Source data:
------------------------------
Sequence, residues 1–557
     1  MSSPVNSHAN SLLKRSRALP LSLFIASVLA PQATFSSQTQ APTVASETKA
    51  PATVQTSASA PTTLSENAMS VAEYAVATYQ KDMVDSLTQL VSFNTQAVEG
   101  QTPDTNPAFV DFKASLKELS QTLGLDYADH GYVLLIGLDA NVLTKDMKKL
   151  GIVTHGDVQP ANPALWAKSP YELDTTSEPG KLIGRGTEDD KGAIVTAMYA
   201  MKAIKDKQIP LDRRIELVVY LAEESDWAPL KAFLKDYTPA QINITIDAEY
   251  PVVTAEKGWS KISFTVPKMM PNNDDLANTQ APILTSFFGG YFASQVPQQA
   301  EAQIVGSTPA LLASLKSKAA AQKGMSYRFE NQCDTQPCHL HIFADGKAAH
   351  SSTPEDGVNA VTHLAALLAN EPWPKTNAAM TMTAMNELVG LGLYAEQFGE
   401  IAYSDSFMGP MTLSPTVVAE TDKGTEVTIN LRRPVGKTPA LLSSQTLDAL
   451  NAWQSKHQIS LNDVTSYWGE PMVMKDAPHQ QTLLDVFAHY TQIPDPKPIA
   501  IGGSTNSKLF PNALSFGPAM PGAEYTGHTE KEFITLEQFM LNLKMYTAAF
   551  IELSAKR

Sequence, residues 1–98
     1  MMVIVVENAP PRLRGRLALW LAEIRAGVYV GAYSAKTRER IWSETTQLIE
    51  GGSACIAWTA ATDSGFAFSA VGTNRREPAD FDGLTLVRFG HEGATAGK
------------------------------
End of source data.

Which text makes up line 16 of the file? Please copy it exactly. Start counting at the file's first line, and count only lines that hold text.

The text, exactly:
    51  GGSACIAWTA ATDSGFAFSA VGTNRREPAD FDGLTLVRFG HEGATAGK